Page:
Uni­ver­si­ties need a Big Brother for Big Data, says John Holm­wood

The Cam­bridge An­a­lyt­ica con­tro­versy flags up the eth­i­cal per­ils of com­mer­cial po­ten­tial, says John Holm­wood

THE (Times Higher Education) - - CON­TENTS - John Holm­wood is pro­fes­sor of so­ci­ol­ogy at the Univer­sity of Not­ting­ham.

The scan­dal around Cam­bridge An­a­lyt­ica’s use of Face­book data raises a num­ber of eth­i­cal is­sues. The most im­por­tant one con­cerns the over­sight of aca­demic re­search in­volv­ing plat­forms such as Face­book.

Us­ing hu­man sub­jects means get­ting in­formed con­sent. It is not clear if this was fully ob­tained in this case.

The busi­ness ethics dis­pute within the Univer­sity of Cam­bridge’s Psy­cho­met­rics Cen­tre be­tween the de­vel­op­ers of the myPer­son­al­ity App, David Still­well and Michal Kosin­ski, and Alek­sandr Ko­gan, who sought to use it in his work for Cam­bridge An­a­lyt­ica, has been re­ported. This dis­pute turns on the value of the soft­ware and data. Kosin­ski and Still­well ap­par­ently wanted to plough pay­ments from Cam­bridge An­a­lyt­ica back into re­search, although they also have per­sonal IP rights in the app’s com­mer­cial uses. In the end, Ko­gan de­vel­oped a sep­a­rate app, This is Your Dig­i­tal Life, to gen­er­ate sim­i­lar data.

While Face­book has been crit­i­cised for fa­cil­i­tat­ing ac­cess to data, few com­ments have been made about the wider ethics of aca­demics gath­er­ing data via apps, or about the is­sues as­so­ci­ated with mon­etis­ing aca­demic re­search.

UK re­search coun­cils re­quire all re­search in­volv­ing hu­man sub­jects to be re­viewed by an ethics com­mit­tee, to en­sure proper safe­guards are in place to pre­vent de­cep­tion and se­cure the in­formed con­sent of par­tic­i­pants. In the case of so­cial me­dia re­search, it would not be suf­fi­cient to claim that Face­book users have vol­un­tar­ily made their data pub­lic – ei­ther by the act of post­ing it, or as a con­se­quence of the terms and con­di­tions of the plat­form.

It is not clear if the myPer­son­al­ity project was sub­mit­ted to an ethics com­mit­tee. The app’s wikipage de­scribes how con­sent was sought from par­tic­i­pants in­ter­ested in learn­ing about their per­son­al­ity char­ac­ter­is­tics ac­cord­ing to a com­mon psy­cho­me­t­ric test. This is pre­sented in stan­dard terms, let­ting par­tic­i­pants know that they could with­draw from the study at any time. They are not told that the data could be made avail­able to other re­searchers – or be used com­mer­cially.

It ap­pears that the true pur­pose of the app is re­vealed at the end of the test, when par­tic­i­pants were asked to give per­mis­sion to share their Face­book data. Con­sent was sought on the ba­sis that the re­searchers wanted to ex­plore ques­tions such as “do peo­ple who have con­ser­va­tive po­lit­i­cal views have a par­tic­u­lar type of per­son­al­ity?” Re­spon­dents were as­sured that their “data will not be pub­lished in­di­vid­u­ally, but only as part of ag­gre­gate in­for­ma­tion”.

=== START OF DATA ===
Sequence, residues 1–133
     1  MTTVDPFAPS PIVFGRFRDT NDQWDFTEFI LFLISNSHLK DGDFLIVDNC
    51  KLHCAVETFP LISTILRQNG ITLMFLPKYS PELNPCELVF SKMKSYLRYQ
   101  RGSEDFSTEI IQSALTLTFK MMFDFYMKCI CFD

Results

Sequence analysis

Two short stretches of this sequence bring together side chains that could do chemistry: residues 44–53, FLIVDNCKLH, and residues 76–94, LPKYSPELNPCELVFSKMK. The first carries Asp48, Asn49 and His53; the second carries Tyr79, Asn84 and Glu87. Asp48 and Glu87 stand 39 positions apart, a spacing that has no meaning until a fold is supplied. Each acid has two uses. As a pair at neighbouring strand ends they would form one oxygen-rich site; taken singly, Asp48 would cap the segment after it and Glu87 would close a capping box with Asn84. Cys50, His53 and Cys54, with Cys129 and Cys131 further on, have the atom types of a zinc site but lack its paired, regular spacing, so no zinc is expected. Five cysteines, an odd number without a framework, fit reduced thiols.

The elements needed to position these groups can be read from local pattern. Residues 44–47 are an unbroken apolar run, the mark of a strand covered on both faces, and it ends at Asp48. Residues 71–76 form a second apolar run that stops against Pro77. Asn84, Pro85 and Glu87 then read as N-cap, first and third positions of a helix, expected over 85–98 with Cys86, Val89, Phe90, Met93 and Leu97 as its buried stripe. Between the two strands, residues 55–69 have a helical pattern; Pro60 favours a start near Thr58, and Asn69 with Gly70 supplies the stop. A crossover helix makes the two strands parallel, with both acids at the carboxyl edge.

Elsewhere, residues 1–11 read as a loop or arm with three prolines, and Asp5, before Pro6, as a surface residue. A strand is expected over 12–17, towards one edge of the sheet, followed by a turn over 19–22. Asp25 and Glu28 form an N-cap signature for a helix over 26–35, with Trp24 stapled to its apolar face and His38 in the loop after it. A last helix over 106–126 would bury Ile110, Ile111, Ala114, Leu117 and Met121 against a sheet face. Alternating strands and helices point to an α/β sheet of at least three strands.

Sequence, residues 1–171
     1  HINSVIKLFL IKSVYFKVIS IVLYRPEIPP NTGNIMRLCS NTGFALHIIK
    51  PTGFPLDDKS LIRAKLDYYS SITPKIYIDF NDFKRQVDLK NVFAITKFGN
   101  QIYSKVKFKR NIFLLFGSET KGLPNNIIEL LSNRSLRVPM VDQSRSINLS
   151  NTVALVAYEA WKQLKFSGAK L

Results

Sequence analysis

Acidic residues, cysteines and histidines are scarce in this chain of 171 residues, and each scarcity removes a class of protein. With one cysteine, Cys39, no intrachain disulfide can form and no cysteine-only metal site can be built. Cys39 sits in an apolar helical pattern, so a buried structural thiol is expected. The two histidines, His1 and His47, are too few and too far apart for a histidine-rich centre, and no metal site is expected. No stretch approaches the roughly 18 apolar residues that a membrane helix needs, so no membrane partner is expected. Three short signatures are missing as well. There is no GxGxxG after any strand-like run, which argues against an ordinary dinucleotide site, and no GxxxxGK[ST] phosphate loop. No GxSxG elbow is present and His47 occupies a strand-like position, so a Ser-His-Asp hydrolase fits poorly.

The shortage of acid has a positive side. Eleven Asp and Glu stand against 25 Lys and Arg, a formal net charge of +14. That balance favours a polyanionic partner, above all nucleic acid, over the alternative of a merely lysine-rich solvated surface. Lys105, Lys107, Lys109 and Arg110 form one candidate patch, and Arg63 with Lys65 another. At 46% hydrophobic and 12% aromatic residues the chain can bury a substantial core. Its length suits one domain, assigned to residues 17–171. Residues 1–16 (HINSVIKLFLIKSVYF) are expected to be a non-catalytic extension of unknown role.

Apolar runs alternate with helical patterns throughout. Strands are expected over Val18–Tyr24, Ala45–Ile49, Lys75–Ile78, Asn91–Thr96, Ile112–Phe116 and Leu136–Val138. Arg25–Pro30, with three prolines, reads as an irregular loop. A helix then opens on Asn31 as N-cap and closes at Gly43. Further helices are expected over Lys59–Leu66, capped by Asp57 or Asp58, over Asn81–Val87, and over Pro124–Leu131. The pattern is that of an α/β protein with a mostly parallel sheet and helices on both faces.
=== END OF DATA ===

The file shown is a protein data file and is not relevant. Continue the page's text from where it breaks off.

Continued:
De­spite the lan­guage of con­sent, these meth­ods are du­bi­ous be­cause they are not seek­ing fully in­formed con­sent. While covert meth­ods can be jus­ti­fied eth­i­cally, that de­pends upon there be­ing a higher pur­pose. The com­mer­cial value of the data be­ing gath­ered would not con­sti­tute such a pur­pose.

More se­ri­ous is that re­spon­dents are not told that giv­ing their agree­ment at this point would also pro­vide the re­searchers with ac­cess to the data of oth­ers. Ac­cord­ing to the Psy­cho­met­rics Cen­tre’s de­scrip­tion of the prod­uct ser­vices pro­vided by the data­base, around 40 per cent of re­spon­dents agreed to “give ac­cess to their Face­book pro­file data and so­cial net­work”. This ap­pears to im­ply that the wider dataset in­cludes data on in­di­vid­u­als who did not give con­sent, since their data was pro­vided by oth­ers. Yet it is these data that con­sti­tuted the com­mer­cial value of the project; this is ev­i­dent in the de­scrip­tion of the data as in­clud­ing 3.5 mil­lion records of “friend­ship tri­ads” and other records of cou­ples and “po­ten­tial” fam­ily mem­bers iden­ti­fied by match­ing fam­ily names and home towns.

No univer­sity re­search ethics com­mit­tee should al­low this form of data har­vest­ing. What­ever the pre­cise de­tails of the mo­ti­va­tion and data gath­er­ing in the myPer­son­al­ity re­search, the case raises the po­ten­tial of Big Data to un­der­mine aca­demic sen­si­bil­i­ties. Re­search fun­ders are in­creas­ingly urg­ing aca­demics to con­duct re­search with “im­pact” and it is clear that many aca­demics in­volved in Big Data are aware of its com­mer­cial pos­si­bil­i­ties. Univer­si­ties and fun­ders need to ask if they are do­ing enough to main­tain eth­i­cal stan­dards in the face of po­ten­tial in­cen­tives to cir­cum­vent them.

No univer­sity re­search ethics com­mit­tee should al­low this form of data har­vest­ing, what­ever the de­tails of the mo­ti­va­tion

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